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Indigenous leaders did not ask for a federal election to be called during the ongoing pandemic. Shortly after the writs dropped, APTN News reported, many voiced their concerns that Prime Minister Justin Trudeau’s decision to send voters to the polls early amounted to placing his desire for a parliamentary majority ahead of the wellbeing of Indigenous people.

“They’re going ahead despite what people are saying,” Peter Irniq, a former Inuk politician from Nunavut told APTN. “But this is pandemic, it’s dangerous stuff; this (highly contagious) Delta variant is increasing across the country.”

Echoing those concerns, Jack Anawak, a former Nunavut politician, told APTN, “it just seems like an opportunistic idea to call the election. And use their handling of the pandemic as a reason.”

Indigenous people have been disproportionately impacted by COVID-19 throughout the pandemic, owing to the effects of colonization, which include overcrowded housing, dirty water and substandard health care.

A Human Rights Watch report last year noted “Canada’s record in protecting the rights of Indigenous peoples is abysmal,” and that systemic inequalities put Indigenous people at higher risk from the outset of the pandemic.

Another concern, CTV News reported this week, is that the snap election could push the ongoing reckoning over Canada’s genocidal residential school system to the wayside.

In May, the bodies of 215 children were found in unmarked graves at the former site of the Kamloops Indian Residential School.

Since then, 1,093 bodies have been located in unmarked graves in Saskatchewan and so-called British Columbia, confirming what Indigenous peoples have known for generations about the former grounds of residential schools. Many more bodies are sure to be found at similar sites in the coming months and years, as work to locate them continues.

Cindy Blackstock, executive director of the First Nations Child and Family Caring Society, told CTV News: “So far they’ve [the government] counted on the Canadian public not caring or not caring enough – that allowed them to perpetrate these injustices.”

As well, Blackstock said, historical precedent shows that when news coverage and public attention to genocide against Indigenous peoples wanes, those actions are allowed to continue unabated.

“There was national news coverage in 1907 of Indian Affairs Public Health Inspector Dr. Peter Henderson Bryce’s findings that the [Indigenous] children were dying at a rate of 25 to 50 percent owing to inequitable healthcare funding by the federal government,” Blackstock told CTV. “And that was with blazing headlines like ‘children dying like flies,’… but then the coverage waned and children continued to die.”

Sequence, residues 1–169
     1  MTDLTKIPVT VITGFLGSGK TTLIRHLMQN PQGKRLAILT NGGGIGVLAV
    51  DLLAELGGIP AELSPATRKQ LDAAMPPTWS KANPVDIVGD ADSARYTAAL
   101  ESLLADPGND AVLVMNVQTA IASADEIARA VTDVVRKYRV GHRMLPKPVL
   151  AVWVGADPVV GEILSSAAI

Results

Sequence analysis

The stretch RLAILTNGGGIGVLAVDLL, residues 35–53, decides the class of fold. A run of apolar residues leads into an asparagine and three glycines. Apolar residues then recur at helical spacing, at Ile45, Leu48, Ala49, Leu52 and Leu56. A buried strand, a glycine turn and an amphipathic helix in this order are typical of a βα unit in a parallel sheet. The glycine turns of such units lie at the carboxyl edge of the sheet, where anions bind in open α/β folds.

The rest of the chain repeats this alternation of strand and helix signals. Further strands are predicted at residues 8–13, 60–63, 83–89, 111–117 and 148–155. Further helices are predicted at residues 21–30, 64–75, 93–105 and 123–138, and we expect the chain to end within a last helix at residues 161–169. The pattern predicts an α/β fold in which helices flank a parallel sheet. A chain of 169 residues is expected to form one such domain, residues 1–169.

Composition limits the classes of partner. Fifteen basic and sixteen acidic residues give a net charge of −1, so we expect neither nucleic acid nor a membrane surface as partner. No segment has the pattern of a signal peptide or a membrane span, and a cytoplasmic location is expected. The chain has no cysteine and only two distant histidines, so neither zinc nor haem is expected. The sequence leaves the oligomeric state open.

“Today we have the federal government out of compliance with legal orders to remedy the same inequalities in public services for First Nations children,” she added.

Mik’maq lawyer and Chair of Indigenous Governance at Ryerson University Pam Palmater, also speaking to CTV, said that recent elections have pushed urgent issues facing Indigenous people off the public radar.

During the 2019 election, Palmater noted, the inquiry into missing and murdered Indigenous women and girls had just revealed that Canada was guilty of genocide. But when the election got underway, the government went into caretaker mode, and the urgency of the report’s findings fell away from the government’s attention.

“Guess where we are right now — although we're in a pandemic, although Canada is facing its biggest human rights crisis of genocide against the murdered and missing Indigenous women and girls, we're finding all of these unmarked graves … Canada is in caretaker mode, which means they really aren’t going to do too much outside of what they've already committed,” she said.

In this year’s election, Palmater said she will be looking at what candidates are saying about Indigenous self-determination, the climate crisis, clean drinking water and food security.

Speaking to The Star, Mary Ellen Turpel-Lafond, academic director of the Indian Residential School History and Dialogue Centre at the University of British Columbia, said the locating of unmarked graves at residential school sites is pushing a new generation to demand action from the government. She predicts an increase in turnout from Indigenous people this election.

“I think the platforms and the campaigns need to demonstrate not only a solid understanding of the current experiences of Indigenous peoples, but meaningful policies that they can bring forward, particularly in a spirit of collaboration and co-operation with Indigenous peoples’ governments,” she said.

Jonathan Rudin, program director at Aboriginal Legal Services, told The Star that federal parties interested in tackling systemic racism must be prepared to engage in justice reform.